Getting name from "name"

Be aware that OP is not asking about parsing julia code. eval and Meta.parse will NOT be of help here. They’re trying to create their own programming language. Please don’t confuse the two.

Originally I was thinking you might want to use eval down the line after parsing and creating some Julia Expr. But now that I think about it you can probably avoid it entirely: parse the input language → execute functions. Maybe if you have structs and such you might want it as a near term solution.

Thanks for the suggestion!

For Julia take a look at shashi/APL.jl ( It’s not a common language, but it might be helpful.

It is fun! If you’d like, I can send you the source code and documentation for your suggestions for improvement.

I’m certainly no expert, but I’d be happy to look and try it out! Any extra eyeballs on the code is always so helpful for me personally.

OK, here it is:

(Attachment jacl.txt is missing)

(Attachment jacl.jl is missing)

I’ll need your email address to send to you personally.


Again - you are confusing “parsing julia code” with " creating a new programming language that is not julia". Parsing text into julia code will not help you towards parsing non-julia code into a non-julia runtime and executing the result.

My language in just 10 lines :stuck_out_tongue_winking_eye: (Just have fun! Jupyter notebook)

t2j(s) = s
function t2j(s::Tuple)
    a = (:block, :if, :tuple, :parameters, :kw, :quote, :(=), :(.=), :.)
    s[1] in a && return Expr(s[1], t2j.(s[2:end])...)
    s[1] === :lambda && return Expr(:(->), Expr(:tuple, s[2]...), t2j(s[3]))
    s[1] === :for && return Expr(s[1], Expr(:(=), t2j(s[2]), t2j(s[3])), t2j(s[4]))
    s[1] === :using && return Expr(s[1], Expr.(:., s[2:end])...)
    Expr(:call, t2j.(s)...)
macro tupp(x) t2j(Core.eval(__module__, x)) end

I left all the trouble to Julia! (The name tupp might stand for “TUPle Processor”.)

Example 1: for loop and if statement

@tupp (:for, :k, (:(:), 1, 5),
    (:if, (:iseven, :k),
        (:println, "even: ", :k),
        (:println, "odd:  ", :k)))


odd:  1
even: 2
odd:  3
even: 4
odd:  5

Example2: Fibonacci numbers with U-combinator

@tupp (:block,
    (:(=), :U, (:lambda, (:u,), (:u, :u))),
    (:(=), :F, (:lambda, (:u,), (:lambda, (:n, :a, :b),
                (:if, (:(==), :n, 0), :a,
                    ((:u, :u), (:-, :n, 1), :b, (:+, :a, :b)))))),
    (:(=), :Fib, (:U, :F)),
    (:for, :k, (:(:), 1, 10),
        (:println, "Fib(", :k, ") = ", (:Fib, :k, 0, 1))))


Fib(1) = 1
Fib(2) = 1
Fib(3) = 2
Fib(4) = 3
Fib(5) = 5
Fib(6) = 8
Fib(7) = 13
Fib(8) = 21
Fib(9) = 34
Fib(10) = 55

t2j (tupp to Julia) exmaple:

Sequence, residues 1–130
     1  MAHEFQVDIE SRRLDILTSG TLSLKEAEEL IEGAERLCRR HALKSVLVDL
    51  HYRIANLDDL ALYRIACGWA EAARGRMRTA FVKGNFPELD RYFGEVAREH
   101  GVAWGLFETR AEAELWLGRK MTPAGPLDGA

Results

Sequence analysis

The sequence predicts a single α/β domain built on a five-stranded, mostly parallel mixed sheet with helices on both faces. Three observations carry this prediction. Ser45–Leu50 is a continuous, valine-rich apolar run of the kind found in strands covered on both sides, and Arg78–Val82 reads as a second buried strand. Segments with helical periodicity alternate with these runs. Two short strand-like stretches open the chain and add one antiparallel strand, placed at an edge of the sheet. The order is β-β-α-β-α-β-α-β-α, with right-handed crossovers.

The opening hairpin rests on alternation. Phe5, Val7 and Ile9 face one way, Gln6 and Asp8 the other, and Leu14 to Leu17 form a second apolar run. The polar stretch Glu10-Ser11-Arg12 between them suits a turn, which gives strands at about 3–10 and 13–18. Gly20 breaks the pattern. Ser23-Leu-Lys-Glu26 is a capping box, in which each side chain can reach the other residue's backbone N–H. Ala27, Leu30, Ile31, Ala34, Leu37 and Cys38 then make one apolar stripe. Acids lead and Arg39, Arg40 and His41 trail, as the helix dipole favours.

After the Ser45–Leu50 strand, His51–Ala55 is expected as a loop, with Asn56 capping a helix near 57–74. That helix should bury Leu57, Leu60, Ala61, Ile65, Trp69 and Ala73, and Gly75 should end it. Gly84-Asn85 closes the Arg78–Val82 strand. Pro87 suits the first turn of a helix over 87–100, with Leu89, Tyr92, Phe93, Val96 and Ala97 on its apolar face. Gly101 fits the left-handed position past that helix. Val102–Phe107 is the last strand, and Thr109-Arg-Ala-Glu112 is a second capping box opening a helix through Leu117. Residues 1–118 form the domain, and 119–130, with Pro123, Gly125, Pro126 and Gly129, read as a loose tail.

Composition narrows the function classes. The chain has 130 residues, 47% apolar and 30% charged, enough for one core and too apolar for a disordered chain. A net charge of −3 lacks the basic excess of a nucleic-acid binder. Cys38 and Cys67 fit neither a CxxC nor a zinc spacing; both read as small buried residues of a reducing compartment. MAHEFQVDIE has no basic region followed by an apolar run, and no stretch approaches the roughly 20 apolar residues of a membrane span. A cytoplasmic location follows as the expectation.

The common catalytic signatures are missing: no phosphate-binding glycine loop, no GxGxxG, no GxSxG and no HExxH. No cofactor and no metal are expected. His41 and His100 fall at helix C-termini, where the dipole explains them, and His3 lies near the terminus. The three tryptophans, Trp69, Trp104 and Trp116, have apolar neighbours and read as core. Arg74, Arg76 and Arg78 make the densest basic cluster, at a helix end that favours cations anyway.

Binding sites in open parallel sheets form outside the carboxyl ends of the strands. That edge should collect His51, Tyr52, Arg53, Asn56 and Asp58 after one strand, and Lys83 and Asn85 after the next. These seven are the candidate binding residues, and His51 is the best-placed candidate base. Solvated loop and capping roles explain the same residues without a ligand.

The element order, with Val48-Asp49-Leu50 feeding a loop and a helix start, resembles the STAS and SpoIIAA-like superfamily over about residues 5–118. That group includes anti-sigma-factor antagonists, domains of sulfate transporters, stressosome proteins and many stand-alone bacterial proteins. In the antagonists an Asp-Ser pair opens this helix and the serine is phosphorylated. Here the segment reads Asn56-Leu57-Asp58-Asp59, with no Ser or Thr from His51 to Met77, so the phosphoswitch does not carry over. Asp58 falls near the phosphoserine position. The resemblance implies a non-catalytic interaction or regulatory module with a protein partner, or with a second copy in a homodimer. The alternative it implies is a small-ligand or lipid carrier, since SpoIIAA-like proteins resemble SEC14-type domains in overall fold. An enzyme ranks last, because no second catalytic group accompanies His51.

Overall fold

(:(=), :U, (:lambda, (:u,), (:u, :u))),
    (:(=), :F, (:lambda, (:u,), (:lambda, (:n, :a, :b),
                (:if, (:(==), :n, 0), :a,
                    ((:u, :u), (:-, :n, 1), :b, (:+, :a, :b)))))),
    (:(=), :Fib, (:U, :F)),
    (:for, :k, (:(:), 1, 10),
        (:println, "Fib(", :k, ") = ", (:Fib, :k, 0, 1)))) |> t2j


    U = ((u,)->u(u))
    F = ((u,)->((n, a, b)->if n == 0
                    (u(u))(n - 1, b, a + b)
    Fib = U(F)
    for k = 1:10
        println("Fib(", k, ") = ", Fib(k, 0, 1))

Example 3: Polynomial regression of y = \sin(\pi x)

@tupp (:block,
    (:using, :Plots),
    (:(=), :n, 20),
    (:(=), :x, (:range, 0, 2, (:kw, :length, :n))),
    (:(=), :y, (:+, (:., :sinpi, (:tuple, :x)), (:*, 0.2, (:randn, :n)))),
    (:(=), :xs, (:range, 0, 2, (:kw, :length, 200))),
    (:(=), :X, (:.^, :x, (:transpose, (:(:), 0, 3)))),
    (:(=), :b, (:\, :X, :y)),
    (:scatter, :x, :y, (:kw, :label, "sample")),
    (:plot!, :xs, (:., :sinpi, (:tuple, :xs)),
        (:kw, :label, "sinpi(x)"),
        (:kw, :color, (:quote, :black)),
        (:kw, :ls, (:quote, :dash))),
    (:plot!, :xs, (:., :evalpoly, (:tuple, :xs, (:Ref, :b))),
        (:kw, :label, "degree-3 polynomial"),
        (:kw, :color, 2), (:kw, :lw, 2)))

1 Like

Thanks for this! I can use your examples.

The symbol :name can be created from the string "name" with Symbol("name").

In general, you rarely need Meta.parse, and if you want to use Meta.parse, you’re probably thinking about something wrong. For example, instead of Meta.parse("1 + 1") you can use :(1 + 1) or Expr(:+, 1, 1).

No I’m not. I’m thinking of a quick method to implement a new language, whereby you parse your new language and essentially transpile to Julia Exprs. Such a language could look like anything, although Julia’s semantics could leak pretty easily into it.

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If you’ve looked at jacl.jl, you’ve noticed I write Julia like a C programmer. C is what I know well :wink:
I would appreciate any suggestions for improvement.